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World Building Wednesday: What Your Characters Say About the World

Tweet of the Day: WIP Wednesday – Headaches and Confusion


You spent hours upon countless hours crafting a lovely world for your story. With gusto you created mighty deities whose power spans time and space, majestic snow covered mountains to take the reader’s breath away, dark mysterious forces to challenge the characters….

Wait, what is that sound?

Is that the sound of the wind howling through the empty meadow?

The rustle of leaves through the streets of an empty city?

Where are the characters?

It is easy to forget that all that wonderful world building is just a means to an end, and that end is to create a setting for the reader to dive into. But without characters the setting will be awfully empty. But what does that have to do with the act of world building? More than you might think, oh gentle reader. For you see, the characters no only inhabit the setting, they give life to it, and reflect it in myriad of ways, specially the cultural aspects of the setting, for the obvious reason that culture can not exist without people.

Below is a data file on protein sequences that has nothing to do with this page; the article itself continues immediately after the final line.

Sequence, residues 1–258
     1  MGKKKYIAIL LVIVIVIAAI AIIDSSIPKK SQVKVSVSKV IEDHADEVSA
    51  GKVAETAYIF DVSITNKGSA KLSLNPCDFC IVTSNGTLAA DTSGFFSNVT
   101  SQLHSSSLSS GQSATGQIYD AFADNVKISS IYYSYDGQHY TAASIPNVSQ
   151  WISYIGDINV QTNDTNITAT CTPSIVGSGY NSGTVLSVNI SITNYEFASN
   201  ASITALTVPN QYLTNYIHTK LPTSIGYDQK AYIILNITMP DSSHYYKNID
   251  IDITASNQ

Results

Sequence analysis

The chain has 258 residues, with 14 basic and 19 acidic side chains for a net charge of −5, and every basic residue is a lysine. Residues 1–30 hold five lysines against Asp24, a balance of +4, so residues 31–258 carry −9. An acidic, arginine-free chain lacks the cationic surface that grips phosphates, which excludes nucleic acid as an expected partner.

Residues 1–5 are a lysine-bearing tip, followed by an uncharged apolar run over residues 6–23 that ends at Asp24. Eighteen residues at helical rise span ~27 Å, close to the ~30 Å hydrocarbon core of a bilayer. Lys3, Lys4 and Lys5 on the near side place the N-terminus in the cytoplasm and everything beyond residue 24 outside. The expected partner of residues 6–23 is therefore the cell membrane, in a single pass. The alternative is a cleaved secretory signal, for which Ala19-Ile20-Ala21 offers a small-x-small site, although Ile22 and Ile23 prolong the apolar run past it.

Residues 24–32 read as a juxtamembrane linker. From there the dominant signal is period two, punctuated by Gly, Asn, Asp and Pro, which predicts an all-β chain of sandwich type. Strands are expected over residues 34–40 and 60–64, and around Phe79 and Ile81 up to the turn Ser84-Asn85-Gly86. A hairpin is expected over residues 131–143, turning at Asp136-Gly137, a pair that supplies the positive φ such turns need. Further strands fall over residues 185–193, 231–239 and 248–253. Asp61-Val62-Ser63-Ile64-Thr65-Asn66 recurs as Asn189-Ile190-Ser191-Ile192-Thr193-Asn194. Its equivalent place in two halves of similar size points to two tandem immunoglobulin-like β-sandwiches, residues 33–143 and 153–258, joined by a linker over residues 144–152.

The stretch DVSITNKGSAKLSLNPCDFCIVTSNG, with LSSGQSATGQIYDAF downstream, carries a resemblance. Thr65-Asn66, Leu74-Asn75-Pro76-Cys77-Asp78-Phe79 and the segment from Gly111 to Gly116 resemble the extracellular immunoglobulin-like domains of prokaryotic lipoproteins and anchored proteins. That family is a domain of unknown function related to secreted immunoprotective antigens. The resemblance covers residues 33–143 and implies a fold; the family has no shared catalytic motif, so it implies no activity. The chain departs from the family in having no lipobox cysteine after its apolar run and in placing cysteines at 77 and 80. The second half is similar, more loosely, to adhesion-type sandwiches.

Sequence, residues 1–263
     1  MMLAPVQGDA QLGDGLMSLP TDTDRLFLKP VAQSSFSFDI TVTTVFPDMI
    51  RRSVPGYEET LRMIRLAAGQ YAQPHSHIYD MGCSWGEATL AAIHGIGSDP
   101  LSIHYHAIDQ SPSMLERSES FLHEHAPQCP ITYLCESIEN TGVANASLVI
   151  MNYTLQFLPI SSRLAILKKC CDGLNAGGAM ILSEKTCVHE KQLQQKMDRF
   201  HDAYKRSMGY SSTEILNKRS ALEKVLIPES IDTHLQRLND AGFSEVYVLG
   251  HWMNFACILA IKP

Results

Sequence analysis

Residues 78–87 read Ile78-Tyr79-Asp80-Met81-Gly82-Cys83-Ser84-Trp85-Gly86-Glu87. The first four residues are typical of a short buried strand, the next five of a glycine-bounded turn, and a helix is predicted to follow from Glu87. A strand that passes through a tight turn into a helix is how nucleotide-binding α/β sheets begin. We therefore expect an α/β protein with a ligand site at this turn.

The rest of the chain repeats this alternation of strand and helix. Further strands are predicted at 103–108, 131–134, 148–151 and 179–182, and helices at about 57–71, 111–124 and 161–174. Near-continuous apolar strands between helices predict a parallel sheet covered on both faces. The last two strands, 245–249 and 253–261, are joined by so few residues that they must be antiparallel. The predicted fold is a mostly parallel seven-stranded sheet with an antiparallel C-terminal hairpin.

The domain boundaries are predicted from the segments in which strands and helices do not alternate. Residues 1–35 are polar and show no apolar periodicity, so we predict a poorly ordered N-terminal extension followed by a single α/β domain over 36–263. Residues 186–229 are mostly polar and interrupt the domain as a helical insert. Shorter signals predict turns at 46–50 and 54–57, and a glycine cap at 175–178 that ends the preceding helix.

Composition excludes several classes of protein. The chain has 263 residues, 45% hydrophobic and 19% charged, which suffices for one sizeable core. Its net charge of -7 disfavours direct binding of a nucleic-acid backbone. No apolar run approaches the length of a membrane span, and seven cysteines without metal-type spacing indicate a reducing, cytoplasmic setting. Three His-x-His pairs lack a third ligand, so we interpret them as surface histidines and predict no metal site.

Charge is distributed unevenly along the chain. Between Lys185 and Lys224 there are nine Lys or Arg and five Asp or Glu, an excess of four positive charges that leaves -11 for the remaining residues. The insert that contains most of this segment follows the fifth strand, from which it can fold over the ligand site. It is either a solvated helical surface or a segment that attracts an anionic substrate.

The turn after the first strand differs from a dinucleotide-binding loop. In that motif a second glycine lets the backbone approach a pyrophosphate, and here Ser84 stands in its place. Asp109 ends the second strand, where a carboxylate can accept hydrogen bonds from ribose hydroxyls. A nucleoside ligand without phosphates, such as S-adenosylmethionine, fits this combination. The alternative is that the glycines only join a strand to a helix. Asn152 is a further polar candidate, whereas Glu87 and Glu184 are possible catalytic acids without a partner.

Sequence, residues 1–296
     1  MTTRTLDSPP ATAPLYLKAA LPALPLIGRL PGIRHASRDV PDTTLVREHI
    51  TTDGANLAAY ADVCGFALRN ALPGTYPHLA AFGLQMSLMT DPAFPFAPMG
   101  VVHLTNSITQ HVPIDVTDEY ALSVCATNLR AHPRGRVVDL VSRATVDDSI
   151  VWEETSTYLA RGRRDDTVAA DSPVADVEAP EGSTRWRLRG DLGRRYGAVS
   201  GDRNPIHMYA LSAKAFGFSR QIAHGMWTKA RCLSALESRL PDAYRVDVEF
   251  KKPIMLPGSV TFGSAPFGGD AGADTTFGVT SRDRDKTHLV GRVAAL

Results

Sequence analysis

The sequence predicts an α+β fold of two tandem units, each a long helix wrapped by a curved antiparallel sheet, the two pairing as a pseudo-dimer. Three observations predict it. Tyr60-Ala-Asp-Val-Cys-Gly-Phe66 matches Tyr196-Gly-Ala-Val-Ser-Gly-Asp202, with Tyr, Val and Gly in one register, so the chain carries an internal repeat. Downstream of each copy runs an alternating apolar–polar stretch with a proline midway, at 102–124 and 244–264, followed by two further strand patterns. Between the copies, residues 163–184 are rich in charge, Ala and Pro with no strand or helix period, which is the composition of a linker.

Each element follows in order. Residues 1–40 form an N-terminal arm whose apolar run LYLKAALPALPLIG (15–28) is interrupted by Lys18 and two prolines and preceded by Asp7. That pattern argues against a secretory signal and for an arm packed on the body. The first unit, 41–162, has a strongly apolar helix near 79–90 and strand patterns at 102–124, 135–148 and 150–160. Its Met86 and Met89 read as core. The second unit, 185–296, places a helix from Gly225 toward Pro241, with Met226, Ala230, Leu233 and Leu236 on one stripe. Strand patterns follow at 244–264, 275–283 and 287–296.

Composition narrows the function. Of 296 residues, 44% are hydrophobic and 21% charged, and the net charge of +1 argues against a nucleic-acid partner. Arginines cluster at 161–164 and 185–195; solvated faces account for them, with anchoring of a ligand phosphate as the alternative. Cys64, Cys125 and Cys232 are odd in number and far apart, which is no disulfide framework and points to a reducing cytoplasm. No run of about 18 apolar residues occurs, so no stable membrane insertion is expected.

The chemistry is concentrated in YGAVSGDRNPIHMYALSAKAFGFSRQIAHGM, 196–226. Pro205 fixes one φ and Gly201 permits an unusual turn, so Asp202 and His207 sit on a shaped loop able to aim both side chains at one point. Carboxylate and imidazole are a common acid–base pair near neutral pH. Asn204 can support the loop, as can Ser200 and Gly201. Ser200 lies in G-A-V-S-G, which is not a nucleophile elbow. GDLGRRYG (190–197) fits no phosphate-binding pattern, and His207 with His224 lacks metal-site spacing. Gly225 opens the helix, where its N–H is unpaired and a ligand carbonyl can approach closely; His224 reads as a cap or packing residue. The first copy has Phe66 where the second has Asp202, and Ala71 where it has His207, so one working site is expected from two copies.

Take the twin archetypes of the Cultural Hero and the Cultural Rebel. The first is the paragon of everything the culture, and by extension, the setting aspires too. If a given culture puts the needs of the others above the needs of the individual, expect the Cultural Hero to sacrifice their lives or livelihood for another. The Cultural Rebel tends to do the opposite, seeing his actions as critique of said cultural norms. The same can be said about certain villains. Some exploit cultural norms to get what they want while others ignore them so as to be free to do whatever they want, or perhaps they seek to throw down the status quo to recreate the world in their image.

And it goes beyond behavior. How characters dress, the food they eat, their living spaces (if any), forms of travel, favorite pastimes, all reflects aspects of the setting.  Most of the time these are adaptations to the environment but other times they display a need to challenge it as well, such as people seeking bright colored clothing in a largely monotone environment like a desert or a tundra.

So, remember that a setting sans characters is a lonely place indeed and that said characters reflect the setting they are in.


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